The use of wet wipes has become more popular, with a range of styles available including eye make-up removers, baby wipes and 'toilet' wipes. But incorrect labelling and marketing of wet wipes as 'flushable' has resulted in serious plumbing issues by contributing to 'fatbergs' – congealed lumps of fat, sanitary items, wet wipes and so on. Wet wipes don't disintegrate like toilet paper when flushed. They typically contain plastic so, once they reach the sea, they last for a long time, causing havoc with marine life.



Make sure that you dispose of them in the rubbish bin rather than in your toilet. Aside from the risk to our oceans, waterways and wildlife, it is estimated that Australian water utilities spend $15 million each year removing wet wipes from sewage treatment plants and pumping stations. Households can face plumbing bills in the thousands of dollars.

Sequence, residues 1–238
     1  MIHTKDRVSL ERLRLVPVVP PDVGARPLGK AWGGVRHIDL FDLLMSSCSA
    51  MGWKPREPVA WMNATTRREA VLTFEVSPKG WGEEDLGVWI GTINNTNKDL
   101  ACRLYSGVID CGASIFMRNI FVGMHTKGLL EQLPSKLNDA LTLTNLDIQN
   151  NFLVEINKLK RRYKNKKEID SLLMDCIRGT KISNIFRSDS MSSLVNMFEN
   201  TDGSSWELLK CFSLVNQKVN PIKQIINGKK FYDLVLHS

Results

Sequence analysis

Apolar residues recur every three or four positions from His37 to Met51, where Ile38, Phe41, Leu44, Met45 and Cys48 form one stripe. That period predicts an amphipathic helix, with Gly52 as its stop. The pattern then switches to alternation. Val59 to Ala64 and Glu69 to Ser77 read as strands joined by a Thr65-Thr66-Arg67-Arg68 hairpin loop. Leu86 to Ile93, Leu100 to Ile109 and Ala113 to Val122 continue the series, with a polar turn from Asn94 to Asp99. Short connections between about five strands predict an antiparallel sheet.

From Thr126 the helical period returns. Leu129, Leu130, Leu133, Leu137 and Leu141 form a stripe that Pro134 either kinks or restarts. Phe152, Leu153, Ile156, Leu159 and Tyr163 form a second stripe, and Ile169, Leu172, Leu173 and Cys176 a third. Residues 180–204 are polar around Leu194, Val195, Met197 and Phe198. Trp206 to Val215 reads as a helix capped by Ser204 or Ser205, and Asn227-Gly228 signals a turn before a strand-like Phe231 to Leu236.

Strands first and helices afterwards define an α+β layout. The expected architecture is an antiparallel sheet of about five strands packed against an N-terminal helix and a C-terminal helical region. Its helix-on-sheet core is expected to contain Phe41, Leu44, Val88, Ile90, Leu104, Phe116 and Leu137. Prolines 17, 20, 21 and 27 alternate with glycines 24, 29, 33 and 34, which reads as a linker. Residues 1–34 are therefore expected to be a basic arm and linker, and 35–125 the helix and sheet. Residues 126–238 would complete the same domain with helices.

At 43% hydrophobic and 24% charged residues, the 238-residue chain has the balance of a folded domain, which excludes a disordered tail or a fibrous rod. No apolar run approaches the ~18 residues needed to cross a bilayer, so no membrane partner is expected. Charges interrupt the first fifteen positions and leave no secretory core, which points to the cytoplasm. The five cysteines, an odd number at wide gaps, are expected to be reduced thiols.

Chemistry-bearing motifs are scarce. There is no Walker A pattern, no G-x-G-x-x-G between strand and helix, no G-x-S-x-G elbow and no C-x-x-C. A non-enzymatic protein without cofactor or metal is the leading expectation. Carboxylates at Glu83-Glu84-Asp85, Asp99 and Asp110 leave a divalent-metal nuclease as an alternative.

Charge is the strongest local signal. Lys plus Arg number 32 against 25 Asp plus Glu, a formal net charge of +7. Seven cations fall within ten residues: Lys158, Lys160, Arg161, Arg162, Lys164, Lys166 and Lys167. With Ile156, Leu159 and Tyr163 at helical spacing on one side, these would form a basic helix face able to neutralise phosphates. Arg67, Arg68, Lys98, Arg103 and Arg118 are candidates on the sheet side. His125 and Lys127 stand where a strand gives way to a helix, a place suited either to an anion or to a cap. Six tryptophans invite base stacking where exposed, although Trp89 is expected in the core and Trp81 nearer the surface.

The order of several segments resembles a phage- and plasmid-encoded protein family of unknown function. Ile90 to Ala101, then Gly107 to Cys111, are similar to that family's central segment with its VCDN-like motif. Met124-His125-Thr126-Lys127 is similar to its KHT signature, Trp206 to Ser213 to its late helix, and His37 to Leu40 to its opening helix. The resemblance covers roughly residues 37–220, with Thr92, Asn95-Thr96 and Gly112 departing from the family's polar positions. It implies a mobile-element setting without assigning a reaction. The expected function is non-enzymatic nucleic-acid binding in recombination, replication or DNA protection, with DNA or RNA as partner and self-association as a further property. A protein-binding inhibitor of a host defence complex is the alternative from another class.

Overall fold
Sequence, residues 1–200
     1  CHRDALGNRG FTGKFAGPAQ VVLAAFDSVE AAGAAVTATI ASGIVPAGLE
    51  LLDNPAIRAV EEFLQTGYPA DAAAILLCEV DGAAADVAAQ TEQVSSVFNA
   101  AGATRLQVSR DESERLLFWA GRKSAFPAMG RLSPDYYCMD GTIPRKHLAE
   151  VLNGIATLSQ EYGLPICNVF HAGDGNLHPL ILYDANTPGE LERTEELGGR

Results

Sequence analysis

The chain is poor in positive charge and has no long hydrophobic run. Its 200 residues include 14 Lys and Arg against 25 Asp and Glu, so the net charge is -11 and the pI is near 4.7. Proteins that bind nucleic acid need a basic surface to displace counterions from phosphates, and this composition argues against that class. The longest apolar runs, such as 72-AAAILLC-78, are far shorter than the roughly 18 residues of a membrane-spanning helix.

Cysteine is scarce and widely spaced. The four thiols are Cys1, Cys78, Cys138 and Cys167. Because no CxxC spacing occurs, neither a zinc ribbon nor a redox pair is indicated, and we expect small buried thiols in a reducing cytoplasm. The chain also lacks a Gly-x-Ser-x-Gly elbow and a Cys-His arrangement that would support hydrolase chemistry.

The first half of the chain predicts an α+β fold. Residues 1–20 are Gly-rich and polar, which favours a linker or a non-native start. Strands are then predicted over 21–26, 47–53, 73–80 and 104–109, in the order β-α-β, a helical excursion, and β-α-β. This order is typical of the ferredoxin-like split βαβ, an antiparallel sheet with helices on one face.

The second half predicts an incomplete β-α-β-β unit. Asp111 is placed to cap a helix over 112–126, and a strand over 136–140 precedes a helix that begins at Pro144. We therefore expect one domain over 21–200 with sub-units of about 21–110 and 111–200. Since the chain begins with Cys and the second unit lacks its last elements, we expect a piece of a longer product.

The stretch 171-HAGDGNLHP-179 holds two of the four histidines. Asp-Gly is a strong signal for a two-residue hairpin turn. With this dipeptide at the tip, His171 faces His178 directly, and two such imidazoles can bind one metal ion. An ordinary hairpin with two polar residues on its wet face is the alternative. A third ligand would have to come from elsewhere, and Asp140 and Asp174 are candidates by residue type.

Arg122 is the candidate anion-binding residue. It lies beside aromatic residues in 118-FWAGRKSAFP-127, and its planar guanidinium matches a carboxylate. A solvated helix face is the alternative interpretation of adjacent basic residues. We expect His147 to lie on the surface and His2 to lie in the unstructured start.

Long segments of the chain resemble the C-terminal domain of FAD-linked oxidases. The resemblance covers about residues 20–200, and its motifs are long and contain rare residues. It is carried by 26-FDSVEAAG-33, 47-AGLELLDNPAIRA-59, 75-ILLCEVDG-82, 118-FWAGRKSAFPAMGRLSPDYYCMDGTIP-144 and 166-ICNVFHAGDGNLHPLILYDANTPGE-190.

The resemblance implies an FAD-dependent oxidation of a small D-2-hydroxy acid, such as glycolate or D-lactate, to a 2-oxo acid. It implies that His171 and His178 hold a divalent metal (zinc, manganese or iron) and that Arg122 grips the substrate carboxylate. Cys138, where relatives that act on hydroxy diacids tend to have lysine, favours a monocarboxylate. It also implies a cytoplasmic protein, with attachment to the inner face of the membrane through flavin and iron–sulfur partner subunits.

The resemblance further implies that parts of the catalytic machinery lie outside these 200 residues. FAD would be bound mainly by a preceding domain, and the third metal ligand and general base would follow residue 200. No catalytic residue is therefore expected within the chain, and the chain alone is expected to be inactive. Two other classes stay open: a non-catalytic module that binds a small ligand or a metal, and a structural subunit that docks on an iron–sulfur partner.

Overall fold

What about 'biodegradable' wet wipes?

Wet wipes do not degrade during a flush or break down by the time they reach the sewer infrastructure. Even if you don't flush your wet wipes, they end up in landfill. A far better option is to use Biodegradable wet wipes and that way, they will be degrade in up to 60 days and not like other Polyester (Plastic) wipes thar saty for 100 years.